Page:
On Weds 8th June 2022 we held our second Wider Interest Network Group (WING).
The purpose of this annual session is to look back at the year gone by and look forward to What Next?
We shared the results of our evaluations of our work and our governance, and heard from practitioners in the field of urban agriculture who shared their valuable experiences of their own work to address the challenges of our increasingly unstable and unpredictable food system.
We opened by acknowledging that our food system is at the sharp end of our efforts to combat a rapidly unravelling economic and ecological situation, and considered where we go from here.
Our End of year and governance evaluations will be uploaded to this website when they’re finalised in July.
Jump to the bit you want…
5 mins – PART 1. What is UAC in the bigger picture? Jeremy Iles
6 mins 40 secs – A little look at the UAC’s current projects. Maddy Longhurst
15 mins 10 secs – Video – How have we benefited from being part of the UAC? Fran Halsall, Regather, Sheffield
17 mins – Video – Seeding the new Middlesbrough Farmstart project. Catherine Howell, Barefoot Kitchen, Middlesbrough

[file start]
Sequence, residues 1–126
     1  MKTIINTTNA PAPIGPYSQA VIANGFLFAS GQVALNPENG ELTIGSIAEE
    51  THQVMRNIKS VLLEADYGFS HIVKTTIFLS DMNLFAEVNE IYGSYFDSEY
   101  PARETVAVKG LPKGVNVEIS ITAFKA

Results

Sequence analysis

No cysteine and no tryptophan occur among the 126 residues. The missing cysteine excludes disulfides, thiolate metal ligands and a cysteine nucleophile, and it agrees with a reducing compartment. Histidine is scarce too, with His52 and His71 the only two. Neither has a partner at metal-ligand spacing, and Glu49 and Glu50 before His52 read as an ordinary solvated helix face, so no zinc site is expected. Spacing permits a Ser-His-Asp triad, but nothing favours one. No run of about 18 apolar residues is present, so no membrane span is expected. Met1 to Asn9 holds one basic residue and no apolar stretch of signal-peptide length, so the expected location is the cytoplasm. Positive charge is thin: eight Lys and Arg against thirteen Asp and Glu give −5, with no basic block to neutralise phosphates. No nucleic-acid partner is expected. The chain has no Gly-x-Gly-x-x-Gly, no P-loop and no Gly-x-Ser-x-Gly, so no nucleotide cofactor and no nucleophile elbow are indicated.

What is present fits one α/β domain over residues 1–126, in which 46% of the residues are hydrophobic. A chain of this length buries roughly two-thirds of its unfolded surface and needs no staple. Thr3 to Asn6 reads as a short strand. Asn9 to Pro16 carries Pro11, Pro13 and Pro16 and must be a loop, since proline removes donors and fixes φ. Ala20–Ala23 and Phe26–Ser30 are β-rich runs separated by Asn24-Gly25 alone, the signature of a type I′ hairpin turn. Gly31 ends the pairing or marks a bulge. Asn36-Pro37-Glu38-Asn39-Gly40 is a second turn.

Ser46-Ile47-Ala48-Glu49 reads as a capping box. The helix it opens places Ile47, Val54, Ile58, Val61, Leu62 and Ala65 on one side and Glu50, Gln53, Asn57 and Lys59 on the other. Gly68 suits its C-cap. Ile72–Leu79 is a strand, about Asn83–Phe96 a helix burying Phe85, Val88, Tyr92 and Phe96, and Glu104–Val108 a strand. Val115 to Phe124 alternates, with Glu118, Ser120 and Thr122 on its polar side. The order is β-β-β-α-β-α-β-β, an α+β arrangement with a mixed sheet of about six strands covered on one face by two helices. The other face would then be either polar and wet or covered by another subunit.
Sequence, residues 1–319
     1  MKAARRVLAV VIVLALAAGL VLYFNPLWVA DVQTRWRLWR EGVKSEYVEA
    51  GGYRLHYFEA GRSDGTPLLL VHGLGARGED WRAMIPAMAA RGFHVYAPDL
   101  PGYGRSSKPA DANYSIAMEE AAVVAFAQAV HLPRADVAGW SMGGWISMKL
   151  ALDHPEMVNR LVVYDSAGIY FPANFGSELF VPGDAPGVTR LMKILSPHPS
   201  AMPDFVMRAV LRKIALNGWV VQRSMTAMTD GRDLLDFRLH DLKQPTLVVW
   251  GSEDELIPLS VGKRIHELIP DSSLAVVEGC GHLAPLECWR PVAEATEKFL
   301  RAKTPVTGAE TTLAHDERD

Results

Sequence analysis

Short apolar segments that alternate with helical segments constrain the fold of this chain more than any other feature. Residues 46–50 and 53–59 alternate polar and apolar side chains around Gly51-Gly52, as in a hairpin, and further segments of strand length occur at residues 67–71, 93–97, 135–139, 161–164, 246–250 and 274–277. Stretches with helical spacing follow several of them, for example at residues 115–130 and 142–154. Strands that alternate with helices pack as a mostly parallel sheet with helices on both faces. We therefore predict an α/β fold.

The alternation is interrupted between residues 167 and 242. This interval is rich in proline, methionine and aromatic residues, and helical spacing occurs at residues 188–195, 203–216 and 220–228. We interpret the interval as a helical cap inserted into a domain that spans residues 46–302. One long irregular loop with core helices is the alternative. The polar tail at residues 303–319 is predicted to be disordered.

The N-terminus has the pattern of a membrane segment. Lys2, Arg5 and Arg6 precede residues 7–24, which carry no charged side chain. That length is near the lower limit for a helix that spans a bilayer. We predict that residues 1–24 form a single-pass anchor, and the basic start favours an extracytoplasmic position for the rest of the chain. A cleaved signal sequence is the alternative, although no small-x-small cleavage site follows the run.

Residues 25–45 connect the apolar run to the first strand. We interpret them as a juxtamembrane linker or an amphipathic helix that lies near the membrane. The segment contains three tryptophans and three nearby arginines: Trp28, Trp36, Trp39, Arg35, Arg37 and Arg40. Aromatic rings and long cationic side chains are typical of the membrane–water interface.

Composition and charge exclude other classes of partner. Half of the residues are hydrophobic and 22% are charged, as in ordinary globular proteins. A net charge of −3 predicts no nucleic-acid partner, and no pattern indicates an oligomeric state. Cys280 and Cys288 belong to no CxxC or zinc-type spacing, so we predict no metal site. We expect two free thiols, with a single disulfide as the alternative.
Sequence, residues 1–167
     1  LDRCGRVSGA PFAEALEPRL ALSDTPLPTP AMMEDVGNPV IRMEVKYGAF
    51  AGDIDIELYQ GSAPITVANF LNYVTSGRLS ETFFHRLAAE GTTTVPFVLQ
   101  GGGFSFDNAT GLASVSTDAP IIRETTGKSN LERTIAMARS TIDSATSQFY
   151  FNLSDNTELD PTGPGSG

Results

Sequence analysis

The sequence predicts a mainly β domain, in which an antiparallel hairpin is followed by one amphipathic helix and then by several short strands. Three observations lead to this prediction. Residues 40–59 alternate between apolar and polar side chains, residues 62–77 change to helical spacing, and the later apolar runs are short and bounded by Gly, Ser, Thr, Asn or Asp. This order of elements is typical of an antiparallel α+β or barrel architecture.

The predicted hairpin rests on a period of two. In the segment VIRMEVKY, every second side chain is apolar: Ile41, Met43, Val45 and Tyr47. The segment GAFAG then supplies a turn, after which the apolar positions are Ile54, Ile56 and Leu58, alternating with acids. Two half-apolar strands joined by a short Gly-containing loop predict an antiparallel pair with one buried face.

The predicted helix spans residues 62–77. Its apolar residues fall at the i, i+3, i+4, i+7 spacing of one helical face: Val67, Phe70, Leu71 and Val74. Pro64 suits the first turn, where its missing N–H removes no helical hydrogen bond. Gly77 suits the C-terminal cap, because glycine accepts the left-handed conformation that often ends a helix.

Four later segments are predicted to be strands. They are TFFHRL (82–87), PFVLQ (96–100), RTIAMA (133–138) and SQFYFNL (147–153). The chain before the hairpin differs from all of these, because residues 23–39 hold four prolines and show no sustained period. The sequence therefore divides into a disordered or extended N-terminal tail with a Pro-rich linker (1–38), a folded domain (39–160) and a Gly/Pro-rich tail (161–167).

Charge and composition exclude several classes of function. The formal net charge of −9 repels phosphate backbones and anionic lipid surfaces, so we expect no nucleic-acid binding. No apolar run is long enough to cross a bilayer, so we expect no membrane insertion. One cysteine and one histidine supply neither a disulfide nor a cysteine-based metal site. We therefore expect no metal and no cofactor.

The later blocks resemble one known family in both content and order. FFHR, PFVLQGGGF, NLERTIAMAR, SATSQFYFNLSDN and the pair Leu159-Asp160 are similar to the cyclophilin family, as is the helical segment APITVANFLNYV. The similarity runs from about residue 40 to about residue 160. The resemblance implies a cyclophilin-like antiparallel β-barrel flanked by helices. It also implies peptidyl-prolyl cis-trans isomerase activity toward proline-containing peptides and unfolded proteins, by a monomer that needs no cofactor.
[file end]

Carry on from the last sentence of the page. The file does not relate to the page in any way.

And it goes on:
21 mins – UAC from the perspective of the Core Oversight Group. Gary Mitchell, Open Newtown / Social Farms & Gardens / FPAC (Wales), Suzy Russell, CSA Network.
33 mins 45 secs – Our Year 2 Evaluation. Jeremy Iles
38 mins 28 secs – Our Governance review. Hilary Sudbury – Cooperative Assistance Network.
53 mins 14 secs – PART 2. What we’re learning as we’re doing this work. Key points. Maddy Longhurst.
1hr – Bethan McIlroy. The activist-grower’s eye-view from the ground in Nottingham and Derby
1hr 11 mins – Jessica Wilson – Sheffield City Council: Right to Food Resolution and new Food Strategy in Sheffield.
Q&A with speakers
1hr 40 mins – What is our Sun? comments from the floor about whether there’s a central idea around which we all need to coordinate our efforts…
What’s quite plain is that the separation of countryside and city as food productive places really crystallised after the second world war, and there’s plenty of evidence from continental Europe but also from Britain – Carolyn Steele is a great advocate of this , and Susan Parham at Hertfordshire University – that the function of the city space has been separated from food production, and it’s been really really hard to overcome that separation for the last three or four generations.Dan Keech Senior Research Fellow, CCRI
So I would simply say that our ‘sun’ is the idea that our urban space is a viable and actually plausible and historically normal place in which to include food production. That message needs to get through. It’s really really hard to do that through the planning system, and I really acknowledge the work that so many of the cities we’ve heard from today and at other times, have done. The sub-national is such an inspiration compared to the national level which is still approaching food policy in terms of agricultural productivity and efficiency.
Putting through that narrative that urban spaces are viable productive areas is important, and to take heart from the fact that it’s been like that, in our continent for 600-800 years.
University of Gloucestershire. Commenting at the WING.